Natural disasters can affect many facets of our lives. Folks may have damage to their home or find themselves out of work in the wake of a storm or flood. In any number of ways, natural disasters threaten the financial wellbeing of residents.
One particular problem is what to do with the mortgage after a natural disaster. Generally speaking, the mortgage still must be paid. However, there are a complicated set of ever changing rules that a mortgage servicer or lender must observe when dealing with a homeowner that falls victim to a natural disaster. Depending on the type of loan, the identity of the ultimate owner of the loan and other circumstances, the mortgage servicer may be required to offer disaster-specific mortgage relief to the homeowner, including a moratorium on foreclosure sales, the suspension of foreclosure eviction, the suspension of credit reporting, the suspension of late charges, mortgage forbearance, and loss mitigation options such as loan modifications.
Additional homeowner rights were recently granted by the U.S. Department of Housing and Urban Development (HUD) to those with FHA insured loans. These changes were intended to allow additional and faster relief to homeowners. HUD’s changes give homeowners who fall behind as a result of disasters but who recover their income, the ability to restart their former mortgage payments after completing a three-month trial modification plan. This is known as a "Disaster Loan Modification." Alternatives may also exist for those who wish to walk away from their loans rather than rebuild their homes and/or restart their mortgages with limited impact on their credit score. https://www.hud.gov/sites/dfiles/OCHCO/documents/19-14hsgml.pdf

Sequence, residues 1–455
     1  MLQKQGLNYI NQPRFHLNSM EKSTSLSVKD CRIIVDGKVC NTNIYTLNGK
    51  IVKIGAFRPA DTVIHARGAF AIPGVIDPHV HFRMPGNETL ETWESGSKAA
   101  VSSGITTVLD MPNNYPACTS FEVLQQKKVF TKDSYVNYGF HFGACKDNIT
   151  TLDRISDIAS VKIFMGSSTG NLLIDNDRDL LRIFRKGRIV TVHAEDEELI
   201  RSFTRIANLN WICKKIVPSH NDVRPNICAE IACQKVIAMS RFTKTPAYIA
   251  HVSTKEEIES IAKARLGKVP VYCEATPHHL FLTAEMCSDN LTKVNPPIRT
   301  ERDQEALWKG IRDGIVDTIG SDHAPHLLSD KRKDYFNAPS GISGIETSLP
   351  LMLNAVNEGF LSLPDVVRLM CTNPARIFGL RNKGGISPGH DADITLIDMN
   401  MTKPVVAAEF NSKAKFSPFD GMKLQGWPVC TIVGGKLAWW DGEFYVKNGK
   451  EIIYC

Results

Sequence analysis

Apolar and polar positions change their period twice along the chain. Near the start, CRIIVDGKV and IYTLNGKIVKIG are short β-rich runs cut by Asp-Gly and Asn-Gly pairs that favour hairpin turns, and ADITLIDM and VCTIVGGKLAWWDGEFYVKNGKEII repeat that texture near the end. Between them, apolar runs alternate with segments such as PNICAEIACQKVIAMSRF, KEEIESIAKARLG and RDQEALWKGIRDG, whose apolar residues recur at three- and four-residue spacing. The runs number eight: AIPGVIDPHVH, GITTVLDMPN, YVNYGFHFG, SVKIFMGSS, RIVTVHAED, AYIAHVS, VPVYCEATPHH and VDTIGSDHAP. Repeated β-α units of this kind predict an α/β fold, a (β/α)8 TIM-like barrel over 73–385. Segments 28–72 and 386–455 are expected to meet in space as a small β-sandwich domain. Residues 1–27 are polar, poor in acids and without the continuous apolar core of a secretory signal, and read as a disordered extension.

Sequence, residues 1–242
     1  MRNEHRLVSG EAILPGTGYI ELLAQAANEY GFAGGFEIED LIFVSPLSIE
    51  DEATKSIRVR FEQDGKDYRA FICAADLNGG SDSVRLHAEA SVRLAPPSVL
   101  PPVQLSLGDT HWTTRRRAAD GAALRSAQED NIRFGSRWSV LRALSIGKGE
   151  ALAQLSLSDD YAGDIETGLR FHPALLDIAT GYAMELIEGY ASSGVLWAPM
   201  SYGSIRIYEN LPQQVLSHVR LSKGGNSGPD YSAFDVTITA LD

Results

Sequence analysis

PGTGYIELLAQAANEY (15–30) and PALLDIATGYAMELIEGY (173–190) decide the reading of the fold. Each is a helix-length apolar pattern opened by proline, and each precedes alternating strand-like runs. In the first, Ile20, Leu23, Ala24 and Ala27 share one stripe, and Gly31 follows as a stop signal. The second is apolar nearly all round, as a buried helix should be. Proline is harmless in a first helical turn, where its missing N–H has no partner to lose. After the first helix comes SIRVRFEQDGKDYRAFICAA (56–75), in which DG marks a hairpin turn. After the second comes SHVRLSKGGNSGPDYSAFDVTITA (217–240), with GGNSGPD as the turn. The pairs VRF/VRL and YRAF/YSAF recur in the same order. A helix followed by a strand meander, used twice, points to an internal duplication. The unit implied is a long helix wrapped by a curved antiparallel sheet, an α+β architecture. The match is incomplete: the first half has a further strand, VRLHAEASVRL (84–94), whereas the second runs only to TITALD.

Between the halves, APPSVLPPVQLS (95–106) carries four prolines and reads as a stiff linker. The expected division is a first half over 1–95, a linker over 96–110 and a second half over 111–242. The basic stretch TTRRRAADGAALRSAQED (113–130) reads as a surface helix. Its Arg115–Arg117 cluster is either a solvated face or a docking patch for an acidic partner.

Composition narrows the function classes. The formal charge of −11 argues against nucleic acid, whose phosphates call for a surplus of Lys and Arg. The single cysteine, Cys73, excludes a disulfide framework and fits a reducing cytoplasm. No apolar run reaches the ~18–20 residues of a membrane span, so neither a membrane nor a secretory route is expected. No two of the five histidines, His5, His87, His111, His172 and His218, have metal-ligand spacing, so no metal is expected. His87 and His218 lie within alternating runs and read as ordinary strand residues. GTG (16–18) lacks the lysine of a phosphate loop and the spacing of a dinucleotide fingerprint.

Furthermore, mortgage servicers must follow a set of regulations, as well as the mortgage contracts, when distributing insurance proceeds to homeowners. These regulations are intended to promote fairness. The homeowner must be given the opportunity to rebuild with the insurance proceeds unless it would not be economically feasible to do so. In circumstances where the lender’s security remains substantially impaired and restoring the property is not economically feasible for the homeowner, insurance proceeds pertaining to the real estate are applied to the loan with any balance distributed to the homeowner. Insurance proceeds pertaining to personal property should be paid directly to the insured homeowner.
Unfortunately, it is not at all unusual for mortgage servicers, some more than others, to treat natural disaster victims badly, to ignore the rules or contracts and make their problems worse. In some of these circumstances, the mortgage servicers can be sued for their misconduct under federal or state law. If you are experiencing difficulties with your mortgage servicer, we recommend contacting experienced counsel to better understand your rights. Here's to hoping natural disasters stay clear of our region. If not, Bordas and Bordas will do its best to assist you.